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December 1, 2007
Vol. 65
No. 4

Taking Formative Assessment Schoolwide

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When an urban high school embraced formative assessments, teaching moved from well-intentioned guesswork to a finely-tuned dance.

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In recent years, educators have experienced much outside pressure to raise student achievement. To avoid falling into reactive and sometimes prescriptive teaching with prepackaged lessons, teachers and schools must increase the precision of our teaching (Fullan, Hill, & Crévola, 2006). This is where formative assessment comes in. Formative assessment strategies—such as oral questioning, writing prompts, and tests (Fisher & Frey, 2007)—are essential if we are to develop the detailed knowledge of students' understandings and misunderstandings necessary to teach with precision.
Although educators have learned a lot about good formative assessment in individual classrooms, we wondered what might happen if a school took the process schoolwide. In 2001, through a joint project between San Diego State University and the San Diego Unified School District, we set out to answer this question. Hoover High School, an urban school of 2,300 students in San Diego, California, with a high percentage of low-income students and English language learners, was our test site.
The school arranged and paid for two professors from San Diego State University (coauthors Douglas Fisher and Nancy Frey) to teach part-time at Hoover High for two years while collaborating with teachers to embed a formative assessment approach in the school culture. Teachers refined a process for looking at student assessments collaboratively and using the information gathered to guide their instruction. In creating this process, we didn't want teachers to simply give more assessments; we wanted them to see an immediate value in the process. We learned a lot from the work of Georgea Langer and her colleagues (Langer, Colton, & Goff, 2003). But rather than offering common formative assessments as an option, as Langer's group did, we made developing and using common assessments an expectation schoolwide.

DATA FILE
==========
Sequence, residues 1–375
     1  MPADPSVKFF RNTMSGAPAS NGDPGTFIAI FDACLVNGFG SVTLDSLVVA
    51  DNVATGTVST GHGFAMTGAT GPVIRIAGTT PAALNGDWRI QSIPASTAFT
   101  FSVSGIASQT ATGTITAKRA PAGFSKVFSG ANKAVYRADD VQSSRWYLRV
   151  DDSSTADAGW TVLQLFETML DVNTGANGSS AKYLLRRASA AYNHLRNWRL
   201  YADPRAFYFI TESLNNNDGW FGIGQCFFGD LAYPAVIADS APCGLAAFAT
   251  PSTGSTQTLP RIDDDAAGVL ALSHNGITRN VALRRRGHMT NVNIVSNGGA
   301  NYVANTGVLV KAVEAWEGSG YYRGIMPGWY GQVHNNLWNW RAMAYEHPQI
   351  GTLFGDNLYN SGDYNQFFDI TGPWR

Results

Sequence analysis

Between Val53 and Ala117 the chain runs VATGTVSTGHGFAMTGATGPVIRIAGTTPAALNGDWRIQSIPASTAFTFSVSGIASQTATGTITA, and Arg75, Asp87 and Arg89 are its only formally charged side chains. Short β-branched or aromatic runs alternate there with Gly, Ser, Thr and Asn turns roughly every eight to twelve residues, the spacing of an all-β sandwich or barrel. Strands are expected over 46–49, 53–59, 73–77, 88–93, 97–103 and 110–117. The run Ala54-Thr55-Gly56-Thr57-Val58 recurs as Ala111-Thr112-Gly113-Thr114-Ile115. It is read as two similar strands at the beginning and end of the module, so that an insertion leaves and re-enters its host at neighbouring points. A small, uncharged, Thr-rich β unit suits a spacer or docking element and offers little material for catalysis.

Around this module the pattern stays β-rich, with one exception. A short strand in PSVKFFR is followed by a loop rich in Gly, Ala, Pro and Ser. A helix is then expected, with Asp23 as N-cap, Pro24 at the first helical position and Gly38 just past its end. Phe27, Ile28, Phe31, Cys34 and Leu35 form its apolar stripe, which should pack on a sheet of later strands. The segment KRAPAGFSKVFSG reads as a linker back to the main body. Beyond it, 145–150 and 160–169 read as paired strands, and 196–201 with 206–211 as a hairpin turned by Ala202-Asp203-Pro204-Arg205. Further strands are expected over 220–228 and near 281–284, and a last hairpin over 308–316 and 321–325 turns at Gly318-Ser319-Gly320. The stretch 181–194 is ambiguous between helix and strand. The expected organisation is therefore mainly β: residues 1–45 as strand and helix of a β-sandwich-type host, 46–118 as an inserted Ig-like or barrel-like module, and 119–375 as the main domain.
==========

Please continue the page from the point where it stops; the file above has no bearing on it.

We offer here the four-step process we created for powerful schoolwide assessments at Hoover High as a model for others considering this approach.

Step 1: Developing Pacing Guides

Essential to this schoolwide process is the weekly meeting of teachers in course-alike groups rather than departments (for example, all teachers teaching Algebra I or world history). As a beginning point, course-alike groups develop common pacing guides. Pacing guides generally identify when the teacher will teach specific content standards, which instructional materials are appropriate, and what types of instructional strategies teachers can deploy. In addition to identifying these components, Hoover's pacing guides also indicate key vocabulary students will need to master in order to grasp course content, which formative and summative assessments teachers will use to determine student understanding, and what accommodations are recommended for students with disabilities, English language learners, or students performing above grade level.

Step 2: Designing Common Assessments

In addition to choosing pacing guides and corresponding summative assessments, teacher groups at Hoover design, develop, or modify assessment items that every teacher will administer regularly throughout that course. Teachers develop these test items in such a way as to provide information that will help them determine what content students understand, where students have gaps in comprehension, and who needs intervention. As groups of teachers develop these assessment items, they learn more about their state's content standards and how those standards might be assessed on state tests. In addition, they plan items that will signal when students are overgeneralizing, oversimplifying, or exhibiting common misunderstandings. We learned about assessment design along the way, learning from assessments we wrote that didn't work and from professional development seminars we attended.
As part of designing common assessments to use throughout the year, Hoover teachers generally create some common formative assessment items that mirror the state test design because they know that test format practice is essential. Students must understand tests as a genre—how they work and what to expect. However, teachers do not limit items to those that mirror the state test format: They also include short-answer, constructed-response, and alternative-response items, as well as timed essays. We know that it's best to rely on a number of strategies for determining students' understanding and that the key to taking formative assessments schoolwide is ensuring that teachers can determine "next steps" in instruction on the basis of such assessments—which requires more than practicing standardized questions.

Step 3: Conducting Item Analysis

Teachers in course-alike groups engage in the third step, analyzing the results, after all students in that course have participated in a common formative assessment. At Hoover, teachers use Edusoft, one of several commercial software programs that provide an item analysis for each assessment and indicate the percentage of students who selected each of the answers. Other powerful programs include Datawise and Instructional Data Management System.